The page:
Whether you and the kids are on the beach, in the backyard or just strolling around under the scorching sun, not using sunscreen under those harmful rays could increase risk of sunburn, potentially doubling your little one’s risk of melanoma, the deadliest form of skin cancer.
But according to a new study, nearly three quarters of products on the market don’t even work.
For their 12th annual sunscreen guide, researchers at the nonprofit Environmental Working Group evaluated the UV-ray protections, toxic ingredients and other health hazards in approximately 900 sunscreens, 500 SPF-labeled moisturizers and more than 100 lip products.
In 2017, the group found 73 percent of the 880 tested sunscreens either contained “worrisome” ingredients or didn’t work as well as advertised.
Of the products examined that were marketed toward children (using terms like “baby,” “kids,” “pediatric,” etc.), 46 items scored between 7 and 10, with 10 being the worst score on the 1-10 scale.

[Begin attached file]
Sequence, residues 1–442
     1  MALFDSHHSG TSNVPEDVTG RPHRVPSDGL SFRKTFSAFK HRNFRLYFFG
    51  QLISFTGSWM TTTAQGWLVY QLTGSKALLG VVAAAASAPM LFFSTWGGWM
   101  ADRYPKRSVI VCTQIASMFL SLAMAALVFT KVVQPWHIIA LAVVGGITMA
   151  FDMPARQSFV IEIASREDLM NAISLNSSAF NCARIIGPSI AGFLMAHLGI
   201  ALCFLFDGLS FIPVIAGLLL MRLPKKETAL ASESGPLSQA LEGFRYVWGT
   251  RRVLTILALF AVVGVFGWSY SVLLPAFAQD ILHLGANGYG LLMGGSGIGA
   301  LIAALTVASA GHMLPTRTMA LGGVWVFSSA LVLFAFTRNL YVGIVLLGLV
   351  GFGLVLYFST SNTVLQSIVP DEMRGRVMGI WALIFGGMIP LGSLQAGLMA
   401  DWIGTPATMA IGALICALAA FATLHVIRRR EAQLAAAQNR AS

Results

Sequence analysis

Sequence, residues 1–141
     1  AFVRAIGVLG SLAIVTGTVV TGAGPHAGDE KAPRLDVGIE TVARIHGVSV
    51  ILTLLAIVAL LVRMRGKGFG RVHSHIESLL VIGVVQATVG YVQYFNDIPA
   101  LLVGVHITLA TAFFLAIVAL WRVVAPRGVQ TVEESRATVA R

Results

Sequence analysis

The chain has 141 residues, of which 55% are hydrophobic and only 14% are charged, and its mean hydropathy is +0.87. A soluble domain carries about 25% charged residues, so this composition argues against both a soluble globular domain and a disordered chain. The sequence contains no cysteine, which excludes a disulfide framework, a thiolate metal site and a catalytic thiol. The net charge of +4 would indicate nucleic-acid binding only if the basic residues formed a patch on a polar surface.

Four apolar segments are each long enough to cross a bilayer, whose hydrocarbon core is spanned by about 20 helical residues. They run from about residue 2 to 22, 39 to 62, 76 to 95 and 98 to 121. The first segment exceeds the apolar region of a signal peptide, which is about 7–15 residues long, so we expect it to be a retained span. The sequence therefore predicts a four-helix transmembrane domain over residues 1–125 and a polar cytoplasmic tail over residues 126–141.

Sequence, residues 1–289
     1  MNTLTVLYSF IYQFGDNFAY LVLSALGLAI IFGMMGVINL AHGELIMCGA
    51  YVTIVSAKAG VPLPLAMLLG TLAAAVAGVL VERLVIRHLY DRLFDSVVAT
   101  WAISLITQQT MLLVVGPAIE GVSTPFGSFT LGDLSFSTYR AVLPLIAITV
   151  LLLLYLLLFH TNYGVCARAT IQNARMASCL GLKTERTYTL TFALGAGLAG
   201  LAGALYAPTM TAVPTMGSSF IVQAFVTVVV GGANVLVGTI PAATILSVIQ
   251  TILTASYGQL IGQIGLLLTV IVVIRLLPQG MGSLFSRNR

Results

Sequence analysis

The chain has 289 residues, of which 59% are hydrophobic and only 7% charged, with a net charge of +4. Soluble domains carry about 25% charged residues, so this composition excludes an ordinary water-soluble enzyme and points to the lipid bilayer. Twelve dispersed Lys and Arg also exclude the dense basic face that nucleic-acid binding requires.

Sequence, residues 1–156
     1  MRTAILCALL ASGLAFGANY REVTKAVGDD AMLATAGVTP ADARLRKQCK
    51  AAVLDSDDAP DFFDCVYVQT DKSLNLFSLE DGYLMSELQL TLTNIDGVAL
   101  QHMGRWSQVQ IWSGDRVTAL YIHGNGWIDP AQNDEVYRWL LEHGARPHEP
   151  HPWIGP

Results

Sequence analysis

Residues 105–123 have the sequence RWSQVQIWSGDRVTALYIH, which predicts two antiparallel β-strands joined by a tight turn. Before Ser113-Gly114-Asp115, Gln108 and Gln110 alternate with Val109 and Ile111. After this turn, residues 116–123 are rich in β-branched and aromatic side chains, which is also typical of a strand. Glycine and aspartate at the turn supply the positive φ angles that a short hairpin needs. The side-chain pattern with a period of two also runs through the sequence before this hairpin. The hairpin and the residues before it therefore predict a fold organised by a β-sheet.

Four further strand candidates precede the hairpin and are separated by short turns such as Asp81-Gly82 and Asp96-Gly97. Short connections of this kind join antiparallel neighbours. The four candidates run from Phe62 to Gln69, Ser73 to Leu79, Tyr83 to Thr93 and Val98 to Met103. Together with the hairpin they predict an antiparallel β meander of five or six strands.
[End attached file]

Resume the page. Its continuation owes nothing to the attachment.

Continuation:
The products on the list had multiple strikes against them, EWG researchers said. Many contained toxic ingredients oxybenzone (a hormone disruptor) and retinyl palmitate (a form of Vitamin D with the potential to increase skin cancer risk).
Several also had SPFs above 50 - high SPFs contain more sun-filtering chemicals than others and can lead to other types of sun damage.
Five aerosol sprays on the list, which scientists have long argued negatively impact sensitive lungs and don’t offer coated protection, also earned a strike against them.
Here are the 14 worst sunscreens marketed for children, according to EWG:
More about each product listed and its calculated score at EWG.org.
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